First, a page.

Dynamic earthquake rupture in the lower crust, A. Petley-Ragan (a), Y. Ben-Zion (b), F. Renard (a,c), H. Austrheim (a), B. Ildefonse (d) and B. Jamtveit (a), Sci. Adv. 5, eaaw0913 (2019);
https://doi.org/10.1126/sciadv.aaw0913. (a) The Njord Centre, University of Oslo (Norway) (b) Department of Earth Sciences, University of Southern California, Los
Angeles (USA) (c) University Grenoble Alpes, University Savoie Mont Blanc, Grenoble (France) (d) Géosciences Montpellier, University of Montpellier (France)
 B. Jamtveit et al., Nature, 556, 487-493 (2018).  B. Jamtveit et al., J. Geophys. Res. 124, 7725-7755 (2019).
RECOIL-INDUCED ASYMMETRIES IN ELECTRON EMISSION PATTERNS OF N2
Photoelectrons exert a recoil onto the atom or molecule from which they are ejected. This work shows that this recoil, together with non-dipole effects, qualitatively changes the observed angular distribution of photoelectrons with respect to the molecular fragmentation, and massively breaks the two-fold symmetries one would expect for photoelectron emission from a symmetric molecule like N2.
PRINCIPAL PUBLICATION AND AUTHORS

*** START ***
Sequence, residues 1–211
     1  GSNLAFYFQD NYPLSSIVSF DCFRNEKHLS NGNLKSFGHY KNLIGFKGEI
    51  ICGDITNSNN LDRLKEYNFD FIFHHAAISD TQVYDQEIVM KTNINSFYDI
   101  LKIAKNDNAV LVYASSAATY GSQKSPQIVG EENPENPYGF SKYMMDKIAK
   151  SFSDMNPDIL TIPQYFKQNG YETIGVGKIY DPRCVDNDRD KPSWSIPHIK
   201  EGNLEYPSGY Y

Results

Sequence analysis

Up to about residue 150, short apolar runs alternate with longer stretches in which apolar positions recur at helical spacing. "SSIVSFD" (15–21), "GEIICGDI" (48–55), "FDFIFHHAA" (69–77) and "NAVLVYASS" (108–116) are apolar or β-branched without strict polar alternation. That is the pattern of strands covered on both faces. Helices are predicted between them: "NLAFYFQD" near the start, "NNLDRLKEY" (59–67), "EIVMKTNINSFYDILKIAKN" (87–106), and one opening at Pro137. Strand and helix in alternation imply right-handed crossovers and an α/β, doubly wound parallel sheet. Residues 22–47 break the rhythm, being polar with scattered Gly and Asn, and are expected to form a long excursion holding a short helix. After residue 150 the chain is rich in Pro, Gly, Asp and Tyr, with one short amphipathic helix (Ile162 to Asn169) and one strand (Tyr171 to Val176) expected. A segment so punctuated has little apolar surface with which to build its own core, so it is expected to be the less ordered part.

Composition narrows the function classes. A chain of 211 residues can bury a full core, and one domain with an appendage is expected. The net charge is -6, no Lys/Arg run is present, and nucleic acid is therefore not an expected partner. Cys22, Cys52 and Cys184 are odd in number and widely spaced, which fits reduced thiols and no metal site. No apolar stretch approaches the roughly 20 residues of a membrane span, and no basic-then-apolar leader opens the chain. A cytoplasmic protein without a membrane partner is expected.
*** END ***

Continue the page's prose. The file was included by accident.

to volume strain during pulverisation typically produces a grain size distribution with a steeper power law exponent than what results through a grinding and tear process that is dominated by shear stress.
Together, 2D electron microscopy imaging and 3D µ-CT imaging of the rock samples have unravelled the mechanics of rock damage associated with this fossil earthquake from the lower crust of the Caledonian mountain chain. The results demonstrate that the Earth s lower crust is a strong material, in which high tectonic stress can be released through earthquakes .
Fig. 133: a) Electron back-scattered diffraction (EBSD-) map of a sheared and fragmented garnet in the cataclasite
zone shown in Figure 132. Right inset displays the grain size distribution expressed as the probability density function (PDF) with associated power law exponents.
b) EBSD-map of a fragmented garnet crystal in the wall rock damage zone shown in Figure 132a. Inset as in (a).
Both EBSD images use inverse pole figure colouring in relation to a horizontal x-vector.
Electron emission in the frame of the molecule is studied using molecular frame photoelectron angular distributions (MFPADs), a well-established tool to investigate molecular potentials and perform orbital imaging of electronic states as the emitted photoelectron is scattered by the molecular potential when it
emerges. Due to the availability of high-intensity, high-energy light sources such as beamline ID31, fully differential photoionisation experiments, and thus, measurements of MFPADs, become feasible at photon energies of several tens of keV. At those photon energies, the often-invoked dipole and Born-Oppenheimer approximations,